Jan 24, 2018

SERINC as a Restriction Factor to Inhibit Viral Infectivity and the Interaction with HIV

Journal of Immunology Research
Gracia Viviana Gonzalez-EnriquezBlanca Miriam Torres-Mendoza

Abstract

The serine incorporator 5 (SERINC5) is a recently discovered restriction factor that inhibits viral infectivity by preventing fusion. Retroviruses have developed strategies to counteract the action of SERINC5, such as the expression of proteins like negative regulatory factor (Nef), S2, and glycosylated Gag (glycoGag). These accessory proteins downregulate SERINC5 from the plasma membrane for subsequent degradation in the lysosomes. The observed variability in the action of SERINC5 suggests the participation of other elements like the envelope glycoprotein (Env) that modulates susceptibility of the virus towards SERINC5. The exact mechanism by which SERINC5 inhibits viral fusion has not yet been determined, although it has been proposed that it increases the sensitivity of the Env by exposing regions which are recognized by neutralizing antibodies. More studies are needed to understand the role of SERINC5 and to assess its utility as a therapeutic strategy.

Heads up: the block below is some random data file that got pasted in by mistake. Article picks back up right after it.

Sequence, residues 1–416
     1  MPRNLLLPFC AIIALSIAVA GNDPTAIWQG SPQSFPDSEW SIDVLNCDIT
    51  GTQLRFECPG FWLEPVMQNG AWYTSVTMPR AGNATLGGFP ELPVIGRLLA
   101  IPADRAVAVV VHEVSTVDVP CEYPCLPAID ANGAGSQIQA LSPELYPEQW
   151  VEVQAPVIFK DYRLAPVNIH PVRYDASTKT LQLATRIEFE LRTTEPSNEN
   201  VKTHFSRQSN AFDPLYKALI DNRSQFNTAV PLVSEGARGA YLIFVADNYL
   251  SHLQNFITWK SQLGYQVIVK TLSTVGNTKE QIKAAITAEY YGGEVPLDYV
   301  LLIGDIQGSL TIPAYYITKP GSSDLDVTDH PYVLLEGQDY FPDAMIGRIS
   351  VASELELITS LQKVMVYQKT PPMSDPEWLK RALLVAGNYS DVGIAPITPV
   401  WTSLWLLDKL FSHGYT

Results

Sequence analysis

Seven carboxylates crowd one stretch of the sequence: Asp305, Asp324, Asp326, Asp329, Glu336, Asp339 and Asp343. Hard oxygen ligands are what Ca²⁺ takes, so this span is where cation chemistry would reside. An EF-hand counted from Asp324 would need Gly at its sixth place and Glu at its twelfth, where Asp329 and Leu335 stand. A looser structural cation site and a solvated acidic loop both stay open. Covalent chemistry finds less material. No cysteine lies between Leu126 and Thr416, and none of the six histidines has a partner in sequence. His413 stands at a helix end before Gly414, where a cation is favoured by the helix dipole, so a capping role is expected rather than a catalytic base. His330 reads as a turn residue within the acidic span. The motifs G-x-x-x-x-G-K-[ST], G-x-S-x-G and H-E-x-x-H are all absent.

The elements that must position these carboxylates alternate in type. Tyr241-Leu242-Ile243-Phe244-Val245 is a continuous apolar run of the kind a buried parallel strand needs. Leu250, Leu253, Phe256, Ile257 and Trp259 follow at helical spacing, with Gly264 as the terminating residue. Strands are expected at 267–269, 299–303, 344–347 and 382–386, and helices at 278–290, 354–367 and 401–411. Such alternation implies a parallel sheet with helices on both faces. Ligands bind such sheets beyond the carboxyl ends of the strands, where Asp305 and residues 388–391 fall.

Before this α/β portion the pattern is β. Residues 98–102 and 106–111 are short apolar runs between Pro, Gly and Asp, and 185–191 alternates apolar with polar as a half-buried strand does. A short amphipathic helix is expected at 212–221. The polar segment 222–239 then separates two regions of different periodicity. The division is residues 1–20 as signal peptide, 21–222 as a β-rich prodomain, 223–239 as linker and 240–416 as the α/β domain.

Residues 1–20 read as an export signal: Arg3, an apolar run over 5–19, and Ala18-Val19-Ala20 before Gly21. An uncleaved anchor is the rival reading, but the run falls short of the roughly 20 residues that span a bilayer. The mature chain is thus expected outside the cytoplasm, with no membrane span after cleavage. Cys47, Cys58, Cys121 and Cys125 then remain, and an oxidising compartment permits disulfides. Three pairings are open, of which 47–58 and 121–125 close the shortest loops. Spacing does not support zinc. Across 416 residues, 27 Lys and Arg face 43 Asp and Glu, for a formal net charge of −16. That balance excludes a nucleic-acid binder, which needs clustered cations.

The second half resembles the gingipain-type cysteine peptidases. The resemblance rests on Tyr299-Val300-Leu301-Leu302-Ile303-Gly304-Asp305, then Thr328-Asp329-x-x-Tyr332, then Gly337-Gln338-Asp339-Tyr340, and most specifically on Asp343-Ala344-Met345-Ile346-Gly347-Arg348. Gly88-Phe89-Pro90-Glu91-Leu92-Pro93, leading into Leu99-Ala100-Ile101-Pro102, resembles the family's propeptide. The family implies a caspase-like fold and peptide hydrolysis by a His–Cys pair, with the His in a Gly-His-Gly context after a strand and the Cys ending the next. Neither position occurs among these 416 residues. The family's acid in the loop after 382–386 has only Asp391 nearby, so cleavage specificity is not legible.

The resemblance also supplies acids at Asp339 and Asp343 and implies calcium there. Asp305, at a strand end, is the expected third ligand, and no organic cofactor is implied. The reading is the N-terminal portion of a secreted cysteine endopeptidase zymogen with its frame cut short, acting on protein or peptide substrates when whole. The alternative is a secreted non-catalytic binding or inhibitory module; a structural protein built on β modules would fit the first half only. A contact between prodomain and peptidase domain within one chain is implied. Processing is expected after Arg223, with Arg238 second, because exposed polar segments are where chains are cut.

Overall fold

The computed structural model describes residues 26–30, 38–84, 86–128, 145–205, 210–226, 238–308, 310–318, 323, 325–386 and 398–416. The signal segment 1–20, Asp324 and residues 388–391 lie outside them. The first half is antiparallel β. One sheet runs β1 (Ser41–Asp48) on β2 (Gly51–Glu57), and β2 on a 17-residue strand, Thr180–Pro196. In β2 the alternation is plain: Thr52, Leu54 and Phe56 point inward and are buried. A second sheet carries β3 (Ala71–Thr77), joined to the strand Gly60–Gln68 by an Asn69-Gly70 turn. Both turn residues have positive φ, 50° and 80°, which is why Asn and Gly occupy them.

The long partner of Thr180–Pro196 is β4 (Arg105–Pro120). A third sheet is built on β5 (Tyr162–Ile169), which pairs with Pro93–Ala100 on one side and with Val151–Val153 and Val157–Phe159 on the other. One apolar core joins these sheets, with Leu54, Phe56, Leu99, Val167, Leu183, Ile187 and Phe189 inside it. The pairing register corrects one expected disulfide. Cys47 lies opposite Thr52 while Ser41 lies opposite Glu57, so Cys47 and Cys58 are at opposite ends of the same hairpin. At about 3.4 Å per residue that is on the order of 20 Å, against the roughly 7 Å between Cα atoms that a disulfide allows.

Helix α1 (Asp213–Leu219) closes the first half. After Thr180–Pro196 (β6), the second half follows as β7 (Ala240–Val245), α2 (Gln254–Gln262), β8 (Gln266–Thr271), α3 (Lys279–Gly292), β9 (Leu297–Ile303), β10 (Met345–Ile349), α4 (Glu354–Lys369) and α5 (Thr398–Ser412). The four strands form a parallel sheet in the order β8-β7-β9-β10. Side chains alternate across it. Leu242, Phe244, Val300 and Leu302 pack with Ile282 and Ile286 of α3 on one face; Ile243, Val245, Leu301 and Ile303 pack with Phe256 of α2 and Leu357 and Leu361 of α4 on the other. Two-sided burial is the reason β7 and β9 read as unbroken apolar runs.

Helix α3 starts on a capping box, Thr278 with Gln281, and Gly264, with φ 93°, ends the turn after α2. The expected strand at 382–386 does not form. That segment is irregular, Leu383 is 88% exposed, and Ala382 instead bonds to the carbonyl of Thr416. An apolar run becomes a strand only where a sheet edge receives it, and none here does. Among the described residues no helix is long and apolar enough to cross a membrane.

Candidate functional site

• References82
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Citations

Mentioned in this Paper

Neutralising Antibodies Analysis
Study
Immune Response
Subfamily lentivirinae
Lysosome Assembly Pathway
T-Lymphocyte
DNM1
Tissue Membrane
Pathogenicity
Carboxy-Terminal Amino Acid

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